Convergence, Channel Key To MCI Strategy


As the fall deadline set by MCI Chairman and CEO Michael Capellas for his company to emerge from bankruptcy draws nearer, the carrier is bombarding the market with a new image and a services strategy centered around convergence.

The carrier is converting its backbone to IP, with 25 percent of voice traffic expected to be converted this year and 50 percent next year, said Fred Briggs, MCI's president of operations and technology.

MCI is also steadily recruiting VARs to implement and sell its Advantage offering, which combines local, long-distance and connectivity services. A formal program has yet to be rolled out, but Capellas said MCI is aggressively wooing channel partners.

"We have dedicated people who do nothing but handle the VAR channel," said Capellas. "I have a lot of confidence in [VARs] because I've worked with them before. So clearly our intent is to work with VARs. We know that world; it just makes sense for us to work with them."

On the services front, MCI plans to partner with wireless providers and is planning to double its DSL footprint, executives said. Competitors may be pulling back from Web hosting, but expect MCI to step up its involvement there via its Digex subsidiary, they said. Web hosting won't be a significant revenue generator but more of a decent value-add for high-end customers, Briggs said.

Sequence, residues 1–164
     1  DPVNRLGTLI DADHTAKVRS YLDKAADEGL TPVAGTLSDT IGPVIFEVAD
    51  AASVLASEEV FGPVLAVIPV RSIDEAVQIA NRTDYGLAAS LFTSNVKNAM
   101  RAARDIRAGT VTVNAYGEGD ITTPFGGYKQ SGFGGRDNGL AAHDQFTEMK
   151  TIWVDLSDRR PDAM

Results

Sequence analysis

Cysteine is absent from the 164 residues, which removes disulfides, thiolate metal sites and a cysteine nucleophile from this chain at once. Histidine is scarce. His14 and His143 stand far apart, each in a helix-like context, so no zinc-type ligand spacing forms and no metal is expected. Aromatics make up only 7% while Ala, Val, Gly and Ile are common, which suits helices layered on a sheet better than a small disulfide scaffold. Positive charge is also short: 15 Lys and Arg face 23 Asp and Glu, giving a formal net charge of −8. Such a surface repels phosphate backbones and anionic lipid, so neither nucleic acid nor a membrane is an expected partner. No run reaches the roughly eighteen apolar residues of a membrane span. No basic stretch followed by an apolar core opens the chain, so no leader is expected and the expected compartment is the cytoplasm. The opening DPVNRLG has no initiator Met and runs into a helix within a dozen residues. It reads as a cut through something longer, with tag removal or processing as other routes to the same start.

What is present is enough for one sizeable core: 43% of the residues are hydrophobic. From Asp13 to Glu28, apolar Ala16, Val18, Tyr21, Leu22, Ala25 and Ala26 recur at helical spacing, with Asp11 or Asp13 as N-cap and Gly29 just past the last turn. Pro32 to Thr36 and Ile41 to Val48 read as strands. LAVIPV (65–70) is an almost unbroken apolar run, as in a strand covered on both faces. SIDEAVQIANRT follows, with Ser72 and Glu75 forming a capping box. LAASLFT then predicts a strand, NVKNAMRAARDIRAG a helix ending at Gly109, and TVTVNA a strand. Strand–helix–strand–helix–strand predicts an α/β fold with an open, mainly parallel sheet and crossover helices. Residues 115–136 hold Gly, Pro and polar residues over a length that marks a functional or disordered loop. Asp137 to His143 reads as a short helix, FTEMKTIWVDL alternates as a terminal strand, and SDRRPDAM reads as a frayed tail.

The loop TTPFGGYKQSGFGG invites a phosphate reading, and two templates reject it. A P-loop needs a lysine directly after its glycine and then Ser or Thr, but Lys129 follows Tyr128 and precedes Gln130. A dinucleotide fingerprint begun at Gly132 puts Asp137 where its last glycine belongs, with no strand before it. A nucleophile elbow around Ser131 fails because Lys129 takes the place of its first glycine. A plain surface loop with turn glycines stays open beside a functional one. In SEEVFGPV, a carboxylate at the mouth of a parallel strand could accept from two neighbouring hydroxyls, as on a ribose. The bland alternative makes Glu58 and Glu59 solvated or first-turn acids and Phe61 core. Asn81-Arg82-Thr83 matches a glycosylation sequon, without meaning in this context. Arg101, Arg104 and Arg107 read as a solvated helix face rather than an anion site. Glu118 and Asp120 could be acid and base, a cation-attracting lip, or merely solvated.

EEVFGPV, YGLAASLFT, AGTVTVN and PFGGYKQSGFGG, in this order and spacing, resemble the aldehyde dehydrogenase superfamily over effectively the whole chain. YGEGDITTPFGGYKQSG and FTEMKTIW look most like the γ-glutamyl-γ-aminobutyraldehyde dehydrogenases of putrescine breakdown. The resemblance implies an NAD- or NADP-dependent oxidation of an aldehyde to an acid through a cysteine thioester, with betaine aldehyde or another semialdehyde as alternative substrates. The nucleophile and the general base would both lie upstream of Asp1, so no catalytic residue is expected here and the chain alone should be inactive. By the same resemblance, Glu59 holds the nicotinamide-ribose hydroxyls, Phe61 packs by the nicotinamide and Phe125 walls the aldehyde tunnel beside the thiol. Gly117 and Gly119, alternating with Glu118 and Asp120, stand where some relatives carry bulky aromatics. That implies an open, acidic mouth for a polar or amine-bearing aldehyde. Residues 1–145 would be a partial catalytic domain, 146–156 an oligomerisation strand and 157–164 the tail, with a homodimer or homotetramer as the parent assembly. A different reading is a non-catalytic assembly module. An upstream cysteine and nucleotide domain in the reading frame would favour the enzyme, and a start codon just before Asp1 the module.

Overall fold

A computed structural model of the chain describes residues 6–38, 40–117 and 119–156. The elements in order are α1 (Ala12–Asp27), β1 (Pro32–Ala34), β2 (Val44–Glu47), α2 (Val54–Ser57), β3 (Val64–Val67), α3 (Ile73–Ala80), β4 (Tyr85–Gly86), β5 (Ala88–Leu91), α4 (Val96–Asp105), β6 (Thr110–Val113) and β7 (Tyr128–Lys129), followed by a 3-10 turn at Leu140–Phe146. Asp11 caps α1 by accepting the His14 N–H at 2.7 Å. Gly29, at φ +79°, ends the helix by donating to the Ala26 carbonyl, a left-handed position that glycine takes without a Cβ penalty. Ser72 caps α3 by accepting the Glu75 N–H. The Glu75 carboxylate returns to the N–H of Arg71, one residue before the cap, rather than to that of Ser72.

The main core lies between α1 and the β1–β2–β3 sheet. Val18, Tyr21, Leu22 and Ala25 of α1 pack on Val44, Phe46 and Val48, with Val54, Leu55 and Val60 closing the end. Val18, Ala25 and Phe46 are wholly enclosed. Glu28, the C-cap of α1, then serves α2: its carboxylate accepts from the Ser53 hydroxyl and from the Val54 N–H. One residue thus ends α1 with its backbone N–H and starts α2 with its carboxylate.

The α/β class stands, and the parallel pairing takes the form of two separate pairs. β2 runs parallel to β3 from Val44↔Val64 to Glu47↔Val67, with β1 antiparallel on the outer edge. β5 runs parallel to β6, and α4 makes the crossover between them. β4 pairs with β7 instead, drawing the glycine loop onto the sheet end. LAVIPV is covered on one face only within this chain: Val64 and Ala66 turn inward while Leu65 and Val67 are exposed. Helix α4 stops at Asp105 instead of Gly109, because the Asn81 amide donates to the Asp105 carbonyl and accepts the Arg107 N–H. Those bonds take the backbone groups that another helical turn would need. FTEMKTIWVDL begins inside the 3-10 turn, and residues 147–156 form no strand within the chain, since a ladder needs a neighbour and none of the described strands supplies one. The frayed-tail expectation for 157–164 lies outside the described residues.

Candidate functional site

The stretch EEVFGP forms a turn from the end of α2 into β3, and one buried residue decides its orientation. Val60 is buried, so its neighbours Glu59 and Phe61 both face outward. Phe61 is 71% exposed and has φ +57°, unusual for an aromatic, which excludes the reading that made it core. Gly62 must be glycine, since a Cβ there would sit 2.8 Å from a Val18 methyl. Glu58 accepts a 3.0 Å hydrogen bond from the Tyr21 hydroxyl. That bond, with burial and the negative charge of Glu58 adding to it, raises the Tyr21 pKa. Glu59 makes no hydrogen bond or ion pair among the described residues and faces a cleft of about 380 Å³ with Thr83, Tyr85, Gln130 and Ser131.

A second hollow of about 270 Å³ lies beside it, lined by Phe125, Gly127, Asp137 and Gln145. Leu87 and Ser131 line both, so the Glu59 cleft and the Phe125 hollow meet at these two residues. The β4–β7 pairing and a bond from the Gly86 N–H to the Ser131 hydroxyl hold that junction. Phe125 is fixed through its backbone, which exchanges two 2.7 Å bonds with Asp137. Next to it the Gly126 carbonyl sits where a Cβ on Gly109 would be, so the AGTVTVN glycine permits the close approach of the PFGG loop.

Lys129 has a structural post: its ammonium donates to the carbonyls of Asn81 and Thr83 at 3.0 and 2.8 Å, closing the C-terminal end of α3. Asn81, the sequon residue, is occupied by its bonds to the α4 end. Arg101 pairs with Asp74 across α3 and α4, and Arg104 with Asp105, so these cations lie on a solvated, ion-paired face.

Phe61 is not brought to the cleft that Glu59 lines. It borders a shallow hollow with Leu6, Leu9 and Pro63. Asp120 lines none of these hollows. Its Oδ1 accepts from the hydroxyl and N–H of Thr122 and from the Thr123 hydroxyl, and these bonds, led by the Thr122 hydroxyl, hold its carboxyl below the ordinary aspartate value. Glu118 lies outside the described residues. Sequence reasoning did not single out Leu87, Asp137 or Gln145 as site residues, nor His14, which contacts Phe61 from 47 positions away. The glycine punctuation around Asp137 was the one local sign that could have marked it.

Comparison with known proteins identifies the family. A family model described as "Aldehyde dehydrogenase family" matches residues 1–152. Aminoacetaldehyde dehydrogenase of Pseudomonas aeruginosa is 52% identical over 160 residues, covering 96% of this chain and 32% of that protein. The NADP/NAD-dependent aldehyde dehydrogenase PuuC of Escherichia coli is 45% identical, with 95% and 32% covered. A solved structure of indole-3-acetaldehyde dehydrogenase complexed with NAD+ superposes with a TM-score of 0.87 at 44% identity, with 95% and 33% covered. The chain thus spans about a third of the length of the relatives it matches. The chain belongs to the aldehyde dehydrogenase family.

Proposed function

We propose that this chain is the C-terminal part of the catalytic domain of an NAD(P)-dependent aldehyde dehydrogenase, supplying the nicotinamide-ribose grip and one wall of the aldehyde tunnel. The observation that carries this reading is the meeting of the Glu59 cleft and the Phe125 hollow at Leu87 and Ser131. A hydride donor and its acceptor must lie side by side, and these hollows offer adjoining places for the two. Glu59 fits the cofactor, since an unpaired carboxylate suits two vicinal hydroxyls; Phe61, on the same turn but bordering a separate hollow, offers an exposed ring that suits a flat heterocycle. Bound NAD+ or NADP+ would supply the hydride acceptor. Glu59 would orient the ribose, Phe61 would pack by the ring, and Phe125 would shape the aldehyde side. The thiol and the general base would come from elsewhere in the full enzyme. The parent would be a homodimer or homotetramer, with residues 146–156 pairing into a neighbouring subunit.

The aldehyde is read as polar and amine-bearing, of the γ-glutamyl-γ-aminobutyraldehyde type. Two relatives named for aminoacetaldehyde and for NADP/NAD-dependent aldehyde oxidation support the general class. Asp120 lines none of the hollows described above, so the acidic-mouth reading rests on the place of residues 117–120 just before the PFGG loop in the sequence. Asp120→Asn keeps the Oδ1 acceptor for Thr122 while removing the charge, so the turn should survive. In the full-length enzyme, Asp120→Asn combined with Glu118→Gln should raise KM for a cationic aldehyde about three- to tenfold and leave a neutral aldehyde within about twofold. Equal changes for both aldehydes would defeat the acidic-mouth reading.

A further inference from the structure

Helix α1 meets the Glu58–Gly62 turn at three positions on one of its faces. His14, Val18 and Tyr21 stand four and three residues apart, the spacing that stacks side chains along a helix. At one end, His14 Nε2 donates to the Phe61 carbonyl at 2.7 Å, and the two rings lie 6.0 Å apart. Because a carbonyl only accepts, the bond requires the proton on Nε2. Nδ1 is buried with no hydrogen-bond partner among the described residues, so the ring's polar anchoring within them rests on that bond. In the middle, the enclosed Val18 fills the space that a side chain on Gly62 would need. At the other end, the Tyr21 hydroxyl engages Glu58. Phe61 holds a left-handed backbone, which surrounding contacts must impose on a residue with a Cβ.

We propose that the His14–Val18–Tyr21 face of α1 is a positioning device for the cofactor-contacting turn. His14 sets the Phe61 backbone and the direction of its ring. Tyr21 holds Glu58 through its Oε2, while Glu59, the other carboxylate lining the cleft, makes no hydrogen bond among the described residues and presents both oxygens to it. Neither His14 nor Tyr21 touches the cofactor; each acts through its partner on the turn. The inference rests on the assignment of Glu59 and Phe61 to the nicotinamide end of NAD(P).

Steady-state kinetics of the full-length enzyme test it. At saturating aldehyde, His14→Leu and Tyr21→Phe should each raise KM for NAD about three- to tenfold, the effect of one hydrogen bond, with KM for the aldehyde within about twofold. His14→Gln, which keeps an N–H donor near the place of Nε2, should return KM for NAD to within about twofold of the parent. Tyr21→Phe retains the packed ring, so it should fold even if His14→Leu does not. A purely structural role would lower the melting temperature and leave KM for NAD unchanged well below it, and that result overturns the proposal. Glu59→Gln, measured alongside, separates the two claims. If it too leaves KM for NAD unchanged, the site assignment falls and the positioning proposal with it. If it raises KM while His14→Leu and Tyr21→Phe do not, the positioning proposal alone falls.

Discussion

Challenges remain, however, as competitors are quick to point out. Not all of the company's creditors have approved its reorganization plan, and some competitors, such as Verizon, are asking the Securities & Exchange Commission to support a bid to have MCI liquidated.

Other competitors say they have benefited from MCI's troubles. Keith Olsen, vice president of alternate channels at AT&T, said AT&T's channel has taken a significant amount of business away from MCI.

The drive to convert MCI's backbone to IP also presents a challenge for the carrier. The chief obstacle is all of the PBX systems already in place at customer sites. It may be several years before large numbers of customers replace their PBX systems with IP, said MCI's Briggs, adding that it will be the economics and cost savings of IP-based services that will push customers to do so.

The carrier also may face obstacles on the channel front. Some partners say they're leery of re-engaging with MCI after having their contracts terminated as part of the carrier's reorganization.